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Palestinian Brothers Open Restaurant in Old Airplane

Palestinians visit a Boeing 707 after the plane was converted to a cafe restaurant, in Wadi Al-Badhan, near the West Bank city of Nablus, Wednesday, Aug. 11, 2021. (AP Photo/Majdi Mohammed)
Palestinians visit a Boeing 707 after the plane was converted to a cafe restaurant, in Wadi Al-Badhan, near the West Bank city of Nablus, Wednesday, Aug. 11, 2021. (AP Photo/Majdi Mohammed)
Palestinian Brothers Open Restaurant in Old Airplane
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Few Palestinians in the occupied West Bank are able to travel by airplane. The territory does not have a civilian airport. Those who have enough money to pay for a plane ticket must catch their flights in neighboring Jordan.

But just outside the northern West Bank city of Nablus, twin brothers are offering people the next best thing.

Khamis al-Sairafi and his brother Ata are turning an old Boeing 707 airplane into a cafe and restaurant. Customers are given a chance to see what it is like to be onboard an airplane.

Khamis al-Sairafi said, “Ninety-nine percent of Palestinians have never used an airplane. Only our ambassadors, diplomats, ministers and mayors use them. Now, they see an airplane and it is something for them.”

After years of planning, the 60-year-old brothers opened “The Palestinian-Jordanian Airline Restaurant and Coffee Shop al-Sairafi” on July 21.

Families, friends and couples came for drinks in the cafe, set below the body of the plane. Many others came to take pictures inside for a small price.

Customers said they decided to visit after seeing pictures of the plane online. “For a long time, I have wanted to see this place. I wish I had seen this place before it was turned into a café,” said Majdi Khalid.

For a long time, the plane sat along the side of a major road in the northern West Bank.

The twins’ dream of turning the airplane into a cafe and restaurant started in the late 1990s, when Khamis saw the airplane near the northern Israeli city of Safed.

At the time, the plane already had a long history. It was used by the Israeli government from 1961 to 1993. It flew then-Prime Minister Menachem Begin to the United States in 1978 to sign Israel’s historic peace agreement with Egypt, reports Israel’s Channel 12 TV.

It was later bought by three Israeli business partners who wanted to turn it into a restaurant. The project, however, was abandoned following disagreements with local officials, the television station said.

After finding one of the plane’s owners, the brothers agreed to buy the plane for $100,000 in 1999. They spent an additional $50,000 for permits and to transport it to the West Bank.

Khamis said the then-mayor of Nablus quickly approved the transportation and renovation of the airplane.

Moving the plane to Nablus was a 13-hour operation. The effort required the wings to be removed and the temporary closure of roads in Israel and the West Bank. At the time, Israel and the Palestinians were taking part in peace talks. Movement between the two places was somewhat easy.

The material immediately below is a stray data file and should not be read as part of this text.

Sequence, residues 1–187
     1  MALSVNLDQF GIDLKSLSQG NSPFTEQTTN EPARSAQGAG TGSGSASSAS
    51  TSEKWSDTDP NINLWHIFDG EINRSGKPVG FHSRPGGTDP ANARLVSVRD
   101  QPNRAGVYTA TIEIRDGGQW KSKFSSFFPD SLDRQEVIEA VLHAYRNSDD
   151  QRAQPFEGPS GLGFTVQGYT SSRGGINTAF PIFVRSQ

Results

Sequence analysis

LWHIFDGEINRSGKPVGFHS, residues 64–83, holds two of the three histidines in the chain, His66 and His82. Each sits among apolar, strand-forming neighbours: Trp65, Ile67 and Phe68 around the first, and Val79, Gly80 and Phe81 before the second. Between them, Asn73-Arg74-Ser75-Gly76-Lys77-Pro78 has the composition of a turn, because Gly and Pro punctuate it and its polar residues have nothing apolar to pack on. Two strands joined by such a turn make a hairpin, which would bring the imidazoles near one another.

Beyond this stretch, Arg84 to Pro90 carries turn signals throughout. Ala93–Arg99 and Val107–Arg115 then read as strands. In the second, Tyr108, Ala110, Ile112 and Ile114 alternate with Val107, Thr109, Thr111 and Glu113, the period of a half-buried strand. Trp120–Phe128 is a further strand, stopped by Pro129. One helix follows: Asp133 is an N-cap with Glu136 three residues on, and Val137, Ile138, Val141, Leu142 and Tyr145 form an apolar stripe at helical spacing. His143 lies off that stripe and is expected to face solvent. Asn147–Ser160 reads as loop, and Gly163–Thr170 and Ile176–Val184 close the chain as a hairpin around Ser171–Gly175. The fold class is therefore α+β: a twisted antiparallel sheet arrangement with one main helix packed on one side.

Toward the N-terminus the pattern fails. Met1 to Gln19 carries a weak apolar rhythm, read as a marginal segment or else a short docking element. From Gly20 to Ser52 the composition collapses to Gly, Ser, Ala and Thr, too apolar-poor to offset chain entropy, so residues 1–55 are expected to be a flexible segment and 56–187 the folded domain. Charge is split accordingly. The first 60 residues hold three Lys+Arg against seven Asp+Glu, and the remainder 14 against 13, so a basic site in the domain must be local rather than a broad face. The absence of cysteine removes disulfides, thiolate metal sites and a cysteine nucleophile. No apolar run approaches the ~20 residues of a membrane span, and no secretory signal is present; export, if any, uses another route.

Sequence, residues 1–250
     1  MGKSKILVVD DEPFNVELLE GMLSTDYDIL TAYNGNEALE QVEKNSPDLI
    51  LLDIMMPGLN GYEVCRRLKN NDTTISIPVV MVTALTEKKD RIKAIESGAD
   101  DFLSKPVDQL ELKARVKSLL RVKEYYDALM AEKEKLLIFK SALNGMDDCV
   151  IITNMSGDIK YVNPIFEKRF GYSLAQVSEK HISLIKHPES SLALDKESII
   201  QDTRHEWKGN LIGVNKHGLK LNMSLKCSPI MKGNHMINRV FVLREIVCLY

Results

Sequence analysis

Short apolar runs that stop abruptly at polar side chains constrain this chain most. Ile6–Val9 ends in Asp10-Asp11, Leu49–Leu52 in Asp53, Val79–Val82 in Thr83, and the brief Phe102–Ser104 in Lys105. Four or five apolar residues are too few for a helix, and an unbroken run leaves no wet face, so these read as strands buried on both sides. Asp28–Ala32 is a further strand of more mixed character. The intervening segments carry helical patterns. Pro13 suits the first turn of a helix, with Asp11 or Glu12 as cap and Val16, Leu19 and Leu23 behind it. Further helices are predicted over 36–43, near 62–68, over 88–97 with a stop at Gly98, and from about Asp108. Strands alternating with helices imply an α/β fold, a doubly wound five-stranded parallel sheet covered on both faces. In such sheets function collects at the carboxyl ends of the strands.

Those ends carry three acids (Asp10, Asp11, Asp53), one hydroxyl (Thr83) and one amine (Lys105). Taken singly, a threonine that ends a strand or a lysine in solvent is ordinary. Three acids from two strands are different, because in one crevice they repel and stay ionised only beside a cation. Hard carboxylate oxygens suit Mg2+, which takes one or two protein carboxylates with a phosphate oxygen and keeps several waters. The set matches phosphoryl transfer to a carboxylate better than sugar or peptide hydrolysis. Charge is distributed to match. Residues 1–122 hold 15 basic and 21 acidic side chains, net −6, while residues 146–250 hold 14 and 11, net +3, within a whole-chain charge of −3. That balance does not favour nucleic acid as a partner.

The al-Sairafi brothers were successful traders and scrap metal sellers. They often traveled to and from Israel buying pieces of metal that they then sold in the West Bank. They also owned a successful waste removal business. They used their earnings to build an amusement park on the same piece of land where the plane was placed.

But they said their project was delayed after the outbreak of the second Palestinian uprising in late 2000.

An Israeli military checkpoint was built nearby, they said. The checkpoint remained for three years and the Israeli military took over the entire area. The project collapsed.

The Israeli military did not answer a request by The Associated Press for comment.

For nearly 20 years, the airplane and the area were abandoned.

After the uprising ended in the middle-2000s, the brothers earned a living from their waste removal business and the small amusement park in Nablus.

After more than 10 years of saving money, they decided in 2020 to begin rebuilding what they had lost. This time, they started with the repair work of the airplane. But the coronavirus crisis hit the Palestinian economy hard, causing additional delays.

Following months of work, the aircraft is almost ready for full service. The inside is freshly painted and fitted with electricity. There are nine tables. The doors are connected to two old jetways to let customers board the plane safely.

The cafe is already welcoming customers. And the brothers hope to open the restaurant part of their business next month.

I’m Ashley Thompson.

The Associated Press reported this story. Ashley Thompson adapted it for VOA Learning English. Susan Shand was the editor.


Words in This Story

twin - n. either one of two babies that are born at the same time to the same mother

cafe - n. a small restaurant where you can get simple meals and drinks (such as coffee)

customer - n. someone who buys goods or services from a business

renovations - n. changes and repairs made to (an old house, building, room, etc.) so that it is back in good condition​

scrap - n. things from an unwanted or broken object (such as a car) that are useful only in making or fixing something else

amusement park - n. a place that has many games and rides (such as roller coasters and merry-go-rounds) for entertainment

uprising - n. a usually violent effort by many people to change the government or leader of a country